Saving room to go lower: The Bank of Canada holds rates steady

January 23, 2020 Wesley Blight

The Bank of Canada announced that it will maintain its target overnight rate at 1.75% for the coming weeks. It says the global economy is showing signs of stabilization and recent trade developments have been positive, but there remains a high degree of uncertainty in the global economy, thanks to re-emerging geopolitical tensions.

This announcement, a rather dovish stance for the bank, leaves interest rates unchanged, but investor reaction and the Bank's own tone both suggest that future policy decisions will result in lower rates.

In its announcement the Bank refrained from using language that previously suggested that the current policy rate is appropriate. Investors reacting to the news caused Canadian bond yields to fall across the curve on Wednesday morning. The Canadian dollar also fell relative to the U.S. dollar.

Mixed bag of signals in Canada

In Canada, the Bank says the economy has been resilient, but indicators are mixed. The Bank adds that growth in the near term will likely be weaker; it estimates growth of just 0.3% in the fourth quarter of 2019 (previously predicted to be 1.3% back in October) and 1.3% in the first quarter of 2020.

That said, it is important to note that the Bank of Canada will largely ignore near-term weakness, as policy decisions take time to have their desired impact. In addition, it is worth noting that the fourth quarter slowdown was caused in part by temporary factors including labour strikes and weather conditions.

Overall, exports and business investment—both influenced by geopolitics and global trade—both weakened following a strong third quarter in 2019. Job creation also slowed and consumer confidence and spending have been unexpectedly soft. In contrast, residential investment was robust through most of 2019, moderating to a still-solid pace in the fourth quarter.

“The weaker data could signal that global economic conditions have been affecting Canada's economy to a greater extent than was predicted," the Bank writes in its announcement. “Canadians have also been saving a larger share of their incomes, which could signal increased consumer caution." The Bank is projecting a pickup in household spending in the coming months. Business investment, industrial production and exports, meanwhile, are expected to contribute modestly to growth going forward.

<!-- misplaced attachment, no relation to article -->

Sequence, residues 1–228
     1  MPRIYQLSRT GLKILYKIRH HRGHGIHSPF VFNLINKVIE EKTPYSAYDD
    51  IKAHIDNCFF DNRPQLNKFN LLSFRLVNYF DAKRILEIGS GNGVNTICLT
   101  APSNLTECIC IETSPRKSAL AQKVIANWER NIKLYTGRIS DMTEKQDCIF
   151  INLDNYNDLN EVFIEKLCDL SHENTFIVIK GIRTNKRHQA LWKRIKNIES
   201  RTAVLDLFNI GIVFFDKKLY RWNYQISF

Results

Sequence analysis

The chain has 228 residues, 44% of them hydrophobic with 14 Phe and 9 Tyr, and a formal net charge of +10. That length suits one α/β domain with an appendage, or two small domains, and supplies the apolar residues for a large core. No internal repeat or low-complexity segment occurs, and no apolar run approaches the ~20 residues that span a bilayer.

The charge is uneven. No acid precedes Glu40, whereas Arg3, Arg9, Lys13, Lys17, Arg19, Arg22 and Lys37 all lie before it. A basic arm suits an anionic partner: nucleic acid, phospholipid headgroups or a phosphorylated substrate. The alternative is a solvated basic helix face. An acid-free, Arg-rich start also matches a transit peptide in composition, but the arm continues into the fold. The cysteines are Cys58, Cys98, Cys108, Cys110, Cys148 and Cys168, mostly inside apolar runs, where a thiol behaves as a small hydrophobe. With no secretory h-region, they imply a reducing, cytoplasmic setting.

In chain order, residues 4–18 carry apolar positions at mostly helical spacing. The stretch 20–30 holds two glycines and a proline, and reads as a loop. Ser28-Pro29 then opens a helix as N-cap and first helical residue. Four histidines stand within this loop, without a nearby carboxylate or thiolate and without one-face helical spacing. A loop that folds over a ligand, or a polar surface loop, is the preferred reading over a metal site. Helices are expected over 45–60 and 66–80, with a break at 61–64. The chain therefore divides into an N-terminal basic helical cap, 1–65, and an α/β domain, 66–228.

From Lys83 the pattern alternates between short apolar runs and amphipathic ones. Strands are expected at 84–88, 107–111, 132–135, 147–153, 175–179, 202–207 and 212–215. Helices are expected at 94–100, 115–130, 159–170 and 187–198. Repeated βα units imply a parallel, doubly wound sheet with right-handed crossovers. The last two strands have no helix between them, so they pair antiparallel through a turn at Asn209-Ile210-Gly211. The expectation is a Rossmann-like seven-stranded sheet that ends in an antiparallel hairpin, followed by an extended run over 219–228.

The Bank predicts slowly improving growth going forward

Following 1.6% real GDP growth in 2019, the Bank is now calling for growth of 1.6% in 2020 and 2% in 2021. Inflation is expected to stay around 2%, with some fluctuations from volatile energy prices. Going forward, the Bank says it will be watching closely to see if the recent slowdown is more persistent than originally expected. It will also be paying particular attention to developments in consumer spending, the housing market and business investment.

From the latest Monetary Policy Report (MPR), “the Bank anticipates that economic activity will improve through 2020 and grow just above the rate of potential in 2021. Household spending is expected to strengthen and grow at a moderate pace. The contribution to growth from business investment and exports should also increase as foreign demand improves, the impact from trade policy uncertainty diminishes and oil capacity expands." Growth in government spending, meanwhile, is expected to slow.

The overall output gap (difference between actual output and maximum potential output) widened in the fourth quarter, thanks to weaker than expected growth. Potential output is assumed to average 2% over 2019 and 2020, before edging down to 1.8% in 2021. Although these rates are higher than the midpoint of the Bank's estimated ranges, and stronger than anticipated in the October MPR, the numbers are still weak. With low potential output, it does not take a lot of economic growth to push inflation numbers up. This has supported the Bank's recent ability to meet their inflation targets. It is also partially why the Bank has not decreased their policy rate this month.

Overall, the Bank of Canada still has the highest rate across major developed countries. If actual growth isn't poised to recover from recent weakness, there is clearly room to lower rates.

As the Bank's outlook is broadly inline with our own expectations, we do not anticipate any material changes to our positioning at this time as a result of Wednesday's rate announcement. With that being said, please don't hesitate to reach out to your MD Advisor* with any questions you may have.

* MD Advisor refers to an MD Management Limited Financial Consultant or Investment Advisor (in Quebec).

About the Author

Wesley Blight

Wesley Blight, CFA, CIM, FCSI, is an Assistant Vice President with the Multi-Asset Management team at MD Financial Management. He is responsible for the investment results of the firm’s fixed income and multi-asset products.

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